Using Private Scholarships, Loans and Aid to Fund Private School

How to afford tuition

For anyone not familiar with the cost of attending a private school, especially a boarding school, the price tag can seem overwhelming. With many private school tuitions rivaling those of college, the financial investment might make some families feel as though they have to attend the local public schools vs private schools. But, what many families don’t know is that there are options, and a high tuition amount doesn’t mean that it is impossible to afford a private school education. There are several ways that families can make attending a private high school more reasonable, including financial aid, student loans, and even private scholarships. Read on to find out more about these important funding support options.

Financial Aid

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 Financial Aid is the most common form of financial assistance for those looking to attend private school. Families who feel they cannot afford the cost of tuition are able to apply for financial assistance through the School and Student Services (SSS) program operated by the National Association of Independent Schools (NAIS). Interested families should complete the Parent Financial Statement (PFS) which asks questions about the family’s financial situation in order to make an assessment about what their contribution towards a private school education should be each year. Schools then use this information, along with the financial forms that are submitted, including W2’s and tax returns, to adjust the individual contribution amount. A bonus of financial aid is that it is considered a grant, and typically does not need to be paid back to the school.  

Student Loans or Parent Loans

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If the financial aid package doesn’t cover enough to make it possible to attend, a loan can be a great way to supplement the financial aid award and make it possible. That’s right, loans aren’t just for funding a college education. Interested families can check with the admission and financial aid office for advice, or visit sites like Sallie Mae, which provide assistance for private school tuition. The loans can often be taken out in either the parents’ or the student’s name, though families who will require financial assistance for college as well, should consider if this form of funding is the right move.

School Scholarships

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School-funded scholarships are another option for families. Students can often apply for scholarships at the schools to which they are applying. Some private schools offer merit scholarships based on academic performance, athletic scholarships based on the student’s ability to contribute to a varsity team, or even scholarships for the arts, should the student excel in a particular artistic discipline. Other scholarship opportunities may be made possible by alumni, who sometimes endow scholarships for students from a specific geographic region or cultural background. Ask the admission office if the school offers scholarships, what the qualifications are for consideration, and how to apply. Families should pay close attention to application deadlines, though, as scholarships are usually competitive and have strict guidelines.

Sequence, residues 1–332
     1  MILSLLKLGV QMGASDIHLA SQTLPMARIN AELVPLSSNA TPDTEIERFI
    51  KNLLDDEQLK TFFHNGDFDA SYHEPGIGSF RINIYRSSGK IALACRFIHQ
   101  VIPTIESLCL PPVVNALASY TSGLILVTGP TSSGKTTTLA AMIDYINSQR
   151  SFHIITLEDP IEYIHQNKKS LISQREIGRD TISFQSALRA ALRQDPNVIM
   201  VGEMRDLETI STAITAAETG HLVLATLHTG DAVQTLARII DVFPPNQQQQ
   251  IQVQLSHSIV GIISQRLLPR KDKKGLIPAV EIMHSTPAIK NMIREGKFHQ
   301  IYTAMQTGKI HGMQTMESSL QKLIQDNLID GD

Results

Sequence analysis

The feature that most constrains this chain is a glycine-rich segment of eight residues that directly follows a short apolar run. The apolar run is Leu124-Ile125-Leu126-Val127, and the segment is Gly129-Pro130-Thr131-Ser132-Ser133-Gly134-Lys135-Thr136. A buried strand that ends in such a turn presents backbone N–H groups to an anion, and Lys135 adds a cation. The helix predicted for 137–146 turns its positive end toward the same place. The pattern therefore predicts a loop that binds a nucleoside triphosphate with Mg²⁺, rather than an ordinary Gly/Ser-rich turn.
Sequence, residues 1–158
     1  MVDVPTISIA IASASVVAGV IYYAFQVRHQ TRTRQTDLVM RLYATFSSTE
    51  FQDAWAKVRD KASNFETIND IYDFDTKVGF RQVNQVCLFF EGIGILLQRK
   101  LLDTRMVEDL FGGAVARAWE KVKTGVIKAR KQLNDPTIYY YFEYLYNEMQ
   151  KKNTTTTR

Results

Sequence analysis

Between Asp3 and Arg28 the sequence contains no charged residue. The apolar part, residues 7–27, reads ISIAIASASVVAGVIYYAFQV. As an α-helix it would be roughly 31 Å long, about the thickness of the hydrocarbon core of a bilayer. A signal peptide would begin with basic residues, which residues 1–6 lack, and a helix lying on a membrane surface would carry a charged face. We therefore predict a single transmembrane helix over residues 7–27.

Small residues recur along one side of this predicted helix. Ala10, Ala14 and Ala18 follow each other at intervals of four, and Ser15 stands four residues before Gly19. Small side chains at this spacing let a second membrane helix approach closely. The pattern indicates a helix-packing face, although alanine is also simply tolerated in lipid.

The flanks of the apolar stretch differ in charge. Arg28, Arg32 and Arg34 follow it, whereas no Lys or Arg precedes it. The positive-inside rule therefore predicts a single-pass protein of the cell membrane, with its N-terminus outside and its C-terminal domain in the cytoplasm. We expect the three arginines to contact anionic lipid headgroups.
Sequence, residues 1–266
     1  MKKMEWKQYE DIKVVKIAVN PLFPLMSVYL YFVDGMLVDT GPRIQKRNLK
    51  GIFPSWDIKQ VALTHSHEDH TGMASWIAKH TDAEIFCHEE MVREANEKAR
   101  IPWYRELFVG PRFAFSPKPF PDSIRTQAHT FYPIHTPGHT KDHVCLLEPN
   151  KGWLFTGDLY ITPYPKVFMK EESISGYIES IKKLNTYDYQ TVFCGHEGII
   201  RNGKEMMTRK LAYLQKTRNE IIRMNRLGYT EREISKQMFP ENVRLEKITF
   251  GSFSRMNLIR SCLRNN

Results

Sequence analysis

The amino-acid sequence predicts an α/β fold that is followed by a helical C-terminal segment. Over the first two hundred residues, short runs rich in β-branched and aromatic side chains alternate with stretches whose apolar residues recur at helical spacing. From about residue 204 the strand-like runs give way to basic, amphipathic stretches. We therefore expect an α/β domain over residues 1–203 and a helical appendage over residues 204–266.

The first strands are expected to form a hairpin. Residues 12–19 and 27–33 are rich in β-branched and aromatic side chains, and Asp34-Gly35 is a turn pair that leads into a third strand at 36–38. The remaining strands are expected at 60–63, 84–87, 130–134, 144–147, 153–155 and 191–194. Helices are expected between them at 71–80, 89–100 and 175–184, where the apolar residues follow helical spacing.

Private Scholarships

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If a school doesn’t offer scholarships or the student doesn’t qualify, families might consider looking for external private scholarships. While these are often more scarce at the private school level, they do exist. A good place for families to start is by checking with the local organizations they are already actively involved in, such as religious groups, youth groups, and even town organizations. Families should also check if their home state has any Scholarship Funding Organizations, and then follow up with the appropriate ones. 

Payment Plans

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Something that many private schools offer is a payment plan. Whether a family receives financial aid or is paying tuition in full, payment plans can make it easier to afford the cost of tuition by spreading out payments over a period of time. The time frames can range from a few months to typically up to 10 months, the equivalent of the academic year. Sometimes, schools offer discounts for paying early, so families should always be sure to ask about that option. This may only apply to those paying full tuition and not receiving aid, but sometimes the discount is extended to families who receive financial aid if they are able to make payments by a specific date.


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The last form of assistance that could be available to families is vouchers. Some states offer these programs that provide state-funded tuition assistance if a family elects to not attend the local public school. Visit the National Conference of State Legislatures to see if what states offer this type of assistance and what is required to participate in the program.